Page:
Photo: Etihad Airways
Her sister is the country’s first female fighter pilot. Her brother flies a helicopter. So it is no surprise that Aisha Al Mansouri has become the UAE’s first female pilot of an A380.
Ms Al Mansouri watched brother Ali earn his flying credentials and join Abu Dhabi Police, then saw her sister, Maj Mariam Al Mansouri, make headlines as she led the UAE mission against ISIL in Iraq. Ms Al Mansouri said that she also dreamt of becoming a pilot and realised her dream when she graduated from Etihad’s training academy six years ago.
“My dad always brags he has three pilots in the family,” she says. “I think flying is in the blood. It is inherited and I think I have the best job in the world.”
Ms Al Mansouri joined the cadets in 2007 before signing up to Etihad’s training programme, which allows prospective pilots to start from scratch and become qualified first officers in about 26 months. At the time, she was one of two female Emiratis in a classroom of more than 500 men, choosing a career in a traditionally male-dominated field.
“It was a bit intimidating,” Ms Al Mansouri says. At first it is very overwhelming, all the training. You really feel you have to work hard to keep up. I remember the first time in a flight simulator in the academy and you think, oh my gosh, there are so many buttons – I will never be able to know all these.”
After graduating from the academy, Ms Al Mansouri worked as a second officer on the A320, before graduating to the A330 as a first officer. It was then she made her bid for a chance to fly on the A380. Anxiously waiting to see if she would be chosen to fly the Airbus, Ms Al Mansouri says it was a dream come true for her and her family when she was selected.
“When I got that email saying I had got it I sent it to all my family and friends. I said, ‘I have got it – I will be flying an A380’. I was very happy and excited and my family were very excited – everyone in the UAE knows an A380.”
Her inaugural flight on the Airbus from Abu Dhabi to London in 2014 was “very overwhelming”, considering the sheer size of the plane and being responsible for more than 500 passengers on board, Ms Al Mansouri says.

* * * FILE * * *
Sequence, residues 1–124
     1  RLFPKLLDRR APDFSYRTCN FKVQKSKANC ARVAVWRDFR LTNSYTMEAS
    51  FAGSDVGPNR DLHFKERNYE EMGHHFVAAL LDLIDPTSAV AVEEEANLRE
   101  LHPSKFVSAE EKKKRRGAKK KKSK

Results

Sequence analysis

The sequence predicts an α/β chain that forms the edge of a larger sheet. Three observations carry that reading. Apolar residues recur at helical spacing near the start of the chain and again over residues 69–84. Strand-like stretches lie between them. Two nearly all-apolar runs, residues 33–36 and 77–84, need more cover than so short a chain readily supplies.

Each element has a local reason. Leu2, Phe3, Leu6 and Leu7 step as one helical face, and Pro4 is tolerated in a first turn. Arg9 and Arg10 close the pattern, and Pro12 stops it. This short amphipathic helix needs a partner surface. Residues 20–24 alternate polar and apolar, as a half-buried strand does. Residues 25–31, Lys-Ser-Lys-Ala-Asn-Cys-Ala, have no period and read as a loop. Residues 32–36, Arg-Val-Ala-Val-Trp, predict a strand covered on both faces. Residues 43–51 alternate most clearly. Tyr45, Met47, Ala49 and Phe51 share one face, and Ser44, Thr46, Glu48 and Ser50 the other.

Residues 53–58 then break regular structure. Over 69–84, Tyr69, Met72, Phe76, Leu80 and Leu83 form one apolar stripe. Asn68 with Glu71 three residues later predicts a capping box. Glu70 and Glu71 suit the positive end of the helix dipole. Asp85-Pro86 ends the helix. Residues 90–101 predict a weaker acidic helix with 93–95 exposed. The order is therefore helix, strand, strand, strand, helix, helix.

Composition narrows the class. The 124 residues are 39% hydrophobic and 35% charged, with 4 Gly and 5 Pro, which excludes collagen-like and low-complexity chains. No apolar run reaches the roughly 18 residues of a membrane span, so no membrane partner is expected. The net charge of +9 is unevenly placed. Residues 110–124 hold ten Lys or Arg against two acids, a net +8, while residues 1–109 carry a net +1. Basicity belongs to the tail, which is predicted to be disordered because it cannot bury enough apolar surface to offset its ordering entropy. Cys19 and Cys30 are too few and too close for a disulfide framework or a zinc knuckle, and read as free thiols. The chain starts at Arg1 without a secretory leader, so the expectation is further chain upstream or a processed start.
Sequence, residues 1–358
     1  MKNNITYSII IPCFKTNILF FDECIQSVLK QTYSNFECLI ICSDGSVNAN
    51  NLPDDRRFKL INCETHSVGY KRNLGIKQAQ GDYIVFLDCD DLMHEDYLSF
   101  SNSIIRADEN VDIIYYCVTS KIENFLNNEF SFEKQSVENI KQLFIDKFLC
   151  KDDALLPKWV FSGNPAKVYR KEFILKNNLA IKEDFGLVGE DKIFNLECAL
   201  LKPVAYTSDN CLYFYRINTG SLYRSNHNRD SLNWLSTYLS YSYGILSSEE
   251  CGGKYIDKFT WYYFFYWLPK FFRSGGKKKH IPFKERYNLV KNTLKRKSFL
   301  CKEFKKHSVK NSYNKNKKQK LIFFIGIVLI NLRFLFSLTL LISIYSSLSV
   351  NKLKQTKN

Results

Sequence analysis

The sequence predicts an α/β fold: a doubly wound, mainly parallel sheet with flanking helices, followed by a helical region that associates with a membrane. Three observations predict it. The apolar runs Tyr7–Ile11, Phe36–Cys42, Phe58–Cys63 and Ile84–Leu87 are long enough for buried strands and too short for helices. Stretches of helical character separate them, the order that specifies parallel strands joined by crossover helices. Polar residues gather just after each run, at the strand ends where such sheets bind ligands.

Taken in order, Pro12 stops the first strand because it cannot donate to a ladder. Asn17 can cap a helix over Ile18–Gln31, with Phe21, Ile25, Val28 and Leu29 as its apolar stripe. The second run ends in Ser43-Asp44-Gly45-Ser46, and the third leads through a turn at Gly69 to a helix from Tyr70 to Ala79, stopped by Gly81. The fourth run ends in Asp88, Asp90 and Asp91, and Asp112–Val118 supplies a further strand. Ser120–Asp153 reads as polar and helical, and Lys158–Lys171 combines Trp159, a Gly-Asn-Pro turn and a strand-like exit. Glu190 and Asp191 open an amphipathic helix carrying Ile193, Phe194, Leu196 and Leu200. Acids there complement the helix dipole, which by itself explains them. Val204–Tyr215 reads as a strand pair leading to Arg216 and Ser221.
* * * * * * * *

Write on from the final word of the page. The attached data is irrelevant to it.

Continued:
“We do the walk around to check the aircraft and to see how big it is from the outside, and then the inside was really amazing. It was like flying a building. In the cockpit we have a camera and to see the amount of the people. It is amazing and overwhelming.”
The lifestyle of her chosen profession is both the hardest and most rewarding aspect of her job.
“To be able to shift from night to day and day to night is hard work, but to be able to have breakfast in Abu Dhabi then lunch in London – that is very rewarding for me. I have almost finished everywhere on Etihad destination routes expect South America,” Ms Al Mansouri says.
As senior first officer she is second-in-command to the captain – a role she one day hopes to fill. The Emirati is also hoping to have the chance to fly the new A350 at the end of next year.
As Emirati Women’s Day is marked across the country today, Ms Al Mansouri urged women to realise that every field is open to them, but to pick a job about which they are passionate.
“I think people must find a passion and love it. I believe if you love what you do, it is the most rewarding thing ever.”